Macon began volunteering for UC Cooperative Extension by teaching fellow ranchers about his experiences raising sheep, managing rangeland and raising and training livestock guardian dogs. Macon was a presenter at Ingram’s annual California Multi-Species Browsing Academy.

“I finally recognized that the parts of my earlier jobs that I most enjoyed involved things I’d be doing on a daily basis as a farm advisor – teaching and research,” Macon said. He earned a master’s degree from Colorado State University and applied to succeed Ingram after his retirement. Macon also took on the role in Sutter and Yuba counties, succeeding Glenn Nader.

Livestock production in the Sierra Nevada foothills ranks among the top five agricultural commodities. Economic viability is a major issue. Macon’s research and extension program is focused on ranch economics and business management, drought resilience, predator-livestock coexistence and irrigated pasture management.

At the UC Sierra Foothill Research and Extension Center in Browns Valley, Macon is conducting research that will help ranchers make decisions about maintaining a cattle herd when faced with impending drought. Even when the weather forecast is dry and forage isn’t growing at a sufficient pace, ranchers can be reluctant to sell off their cattle.

“Science tells us you shouldn’t try to feed your way out of a drought,” Macon said. “Ranchers want everything to stay the same. They want to maintain their genetic potential and keep cows that are familiar with the area.”

The research will compare cows weaned on a traditional weaning schedule with others that are weaned early.

“The cattle will be out on the range from March to early September under different parameters,” Macon said. “We’re also tying in economics, the value of genetic potential and the value of having cows who know the landscape.”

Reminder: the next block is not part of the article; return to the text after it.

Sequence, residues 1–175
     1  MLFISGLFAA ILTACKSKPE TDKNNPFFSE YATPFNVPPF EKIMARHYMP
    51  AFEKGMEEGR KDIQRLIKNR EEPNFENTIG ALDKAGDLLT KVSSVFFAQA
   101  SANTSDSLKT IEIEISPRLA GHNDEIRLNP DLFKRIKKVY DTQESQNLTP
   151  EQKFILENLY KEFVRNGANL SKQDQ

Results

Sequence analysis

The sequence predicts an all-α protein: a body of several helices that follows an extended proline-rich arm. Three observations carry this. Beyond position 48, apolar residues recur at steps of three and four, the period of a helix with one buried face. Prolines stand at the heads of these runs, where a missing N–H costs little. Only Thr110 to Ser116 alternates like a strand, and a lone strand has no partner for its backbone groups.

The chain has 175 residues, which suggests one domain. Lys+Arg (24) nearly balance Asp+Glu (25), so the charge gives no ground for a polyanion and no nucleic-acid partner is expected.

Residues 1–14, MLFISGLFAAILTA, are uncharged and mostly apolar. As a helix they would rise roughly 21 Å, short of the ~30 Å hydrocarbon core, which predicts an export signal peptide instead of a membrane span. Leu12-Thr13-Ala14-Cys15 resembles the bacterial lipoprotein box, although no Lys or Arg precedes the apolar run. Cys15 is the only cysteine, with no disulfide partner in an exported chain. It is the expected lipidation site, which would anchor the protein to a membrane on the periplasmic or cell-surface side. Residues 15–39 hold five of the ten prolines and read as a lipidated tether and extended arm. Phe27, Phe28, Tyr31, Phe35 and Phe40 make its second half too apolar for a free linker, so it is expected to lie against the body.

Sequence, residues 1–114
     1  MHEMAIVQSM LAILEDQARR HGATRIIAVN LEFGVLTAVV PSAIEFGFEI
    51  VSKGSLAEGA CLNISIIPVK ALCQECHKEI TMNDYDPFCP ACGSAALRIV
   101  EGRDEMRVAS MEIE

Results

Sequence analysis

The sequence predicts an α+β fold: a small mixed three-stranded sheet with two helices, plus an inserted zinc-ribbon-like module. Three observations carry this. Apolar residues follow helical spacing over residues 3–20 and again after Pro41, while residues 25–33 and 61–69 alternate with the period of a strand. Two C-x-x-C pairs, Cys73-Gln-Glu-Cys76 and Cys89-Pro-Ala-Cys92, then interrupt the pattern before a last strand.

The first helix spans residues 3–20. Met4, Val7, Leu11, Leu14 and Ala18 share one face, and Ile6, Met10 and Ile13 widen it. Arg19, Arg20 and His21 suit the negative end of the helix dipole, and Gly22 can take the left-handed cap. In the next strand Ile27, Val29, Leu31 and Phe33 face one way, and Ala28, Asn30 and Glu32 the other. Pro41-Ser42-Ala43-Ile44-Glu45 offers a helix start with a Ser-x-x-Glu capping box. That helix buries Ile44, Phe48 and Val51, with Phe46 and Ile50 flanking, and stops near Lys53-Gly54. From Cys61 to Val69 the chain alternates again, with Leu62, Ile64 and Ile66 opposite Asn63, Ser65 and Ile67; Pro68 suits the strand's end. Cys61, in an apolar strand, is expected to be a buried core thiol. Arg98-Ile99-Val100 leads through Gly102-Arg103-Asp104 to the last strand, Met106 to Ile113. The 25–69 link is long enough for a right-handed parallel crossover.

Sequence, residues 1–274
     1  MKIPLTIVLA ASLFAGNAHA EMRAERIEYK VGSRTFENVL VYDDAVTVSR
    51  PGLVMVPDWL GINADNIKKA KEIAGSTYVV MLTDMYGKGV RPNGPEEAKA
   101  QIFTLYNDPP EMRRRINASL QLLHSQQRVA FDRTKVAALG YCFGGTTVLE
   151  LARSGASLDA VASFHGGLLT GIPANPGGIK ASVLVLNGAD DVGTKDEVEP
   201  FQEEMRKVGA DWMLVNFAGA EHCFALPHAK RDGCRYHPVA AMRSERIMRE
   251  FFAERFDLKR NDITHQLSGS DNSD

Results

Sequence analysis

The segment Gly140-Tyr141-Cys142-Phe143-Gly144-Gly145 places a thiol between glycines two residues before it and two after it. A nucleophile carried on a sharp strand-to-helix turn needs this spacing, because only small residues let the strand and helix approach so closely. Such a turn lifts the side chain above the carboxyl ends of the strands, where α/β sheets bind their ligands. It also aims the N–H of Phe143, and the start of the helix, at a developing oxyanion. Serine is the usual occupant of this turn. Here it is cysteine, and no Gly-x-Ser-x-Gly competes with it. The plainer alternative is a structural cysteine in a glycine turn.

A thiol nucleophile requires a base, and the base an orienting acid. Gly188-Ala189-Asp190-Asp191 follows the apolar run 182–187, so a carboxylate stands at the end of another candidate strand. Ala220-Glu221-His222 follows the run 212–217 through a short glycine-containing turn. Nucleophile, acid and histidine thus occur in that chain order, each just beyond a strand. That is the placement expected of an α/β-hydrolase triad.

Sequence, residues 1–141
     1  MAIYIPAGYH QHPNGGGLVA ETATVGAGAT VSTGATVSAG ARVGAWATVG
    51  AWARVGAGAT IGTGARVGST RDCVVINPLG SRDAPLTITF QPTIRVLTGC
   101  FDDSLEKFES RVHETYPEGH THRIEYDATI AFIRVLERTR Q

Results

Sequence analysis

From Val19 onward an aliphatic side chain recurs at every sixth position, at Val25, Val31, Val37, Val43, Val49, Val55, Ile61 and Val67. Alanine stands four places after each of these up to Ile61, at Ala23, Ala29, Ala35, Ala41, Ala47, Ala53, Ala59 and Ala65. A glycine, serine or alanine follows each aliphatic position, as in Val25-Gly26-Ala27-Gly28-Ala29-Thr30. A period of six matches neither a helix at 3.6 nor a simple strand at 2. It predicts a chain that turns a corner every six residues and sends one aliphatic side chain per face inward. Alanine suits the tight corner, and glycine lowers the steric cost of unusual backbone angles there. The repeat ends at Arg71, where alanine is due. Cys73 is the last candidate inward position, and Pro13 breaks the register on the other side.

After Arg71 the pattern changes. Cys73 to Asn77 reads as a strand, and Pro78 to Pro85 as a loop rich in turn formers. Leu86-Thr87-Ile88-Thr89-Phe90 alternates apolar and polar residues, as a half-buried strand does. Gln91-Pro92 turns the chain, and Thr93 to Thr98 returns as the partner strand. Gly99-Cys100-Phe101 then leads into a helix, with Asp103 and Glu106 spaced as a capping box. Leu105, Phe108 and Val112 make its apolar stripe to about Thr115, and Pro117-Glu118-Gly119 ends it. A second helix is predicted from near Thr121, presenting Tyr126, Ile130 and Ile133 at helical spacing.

Macon is securing funding to conduct research on livestock guardian dogs in different production settings. Using low-cost GPS technology developed at New Mexico State University, Macon plans to study the relationship between dogs, predators and livestock in terms of space and time.

“One unknown is whether they displace predators or disrupt predatory behavior,” Macon said.

Macon uses livestock guardian dogs on his ranch and will be able to draw on his own experiences in designing the study. He recently wrote a fact sheet on guardian dog selection with UCCE human-wildlife interaction advisor Carolyn Whitesell.

“We’ve had great success with our guardian dogs,” he said. “But not everyone has that level of success. Using scientific tools like remote sensing and GPS technology will give us more details about wildlife-guardian dog-livestock interactions.”

During this year’s shelter-in-place, Macon has become more creative in reaching out with scientific ranching information. He and large-scale sheep producer Ryan Mahoney of Rio Vista created a weekly podcast, “Sheep Stuff Ewe Should Know.” Early episodes cover such topics as risk management, the effects of COVID-19 on the sheep industry and livestock guardian dogs. The podcast is available on Spotify and other mobile podcast apps.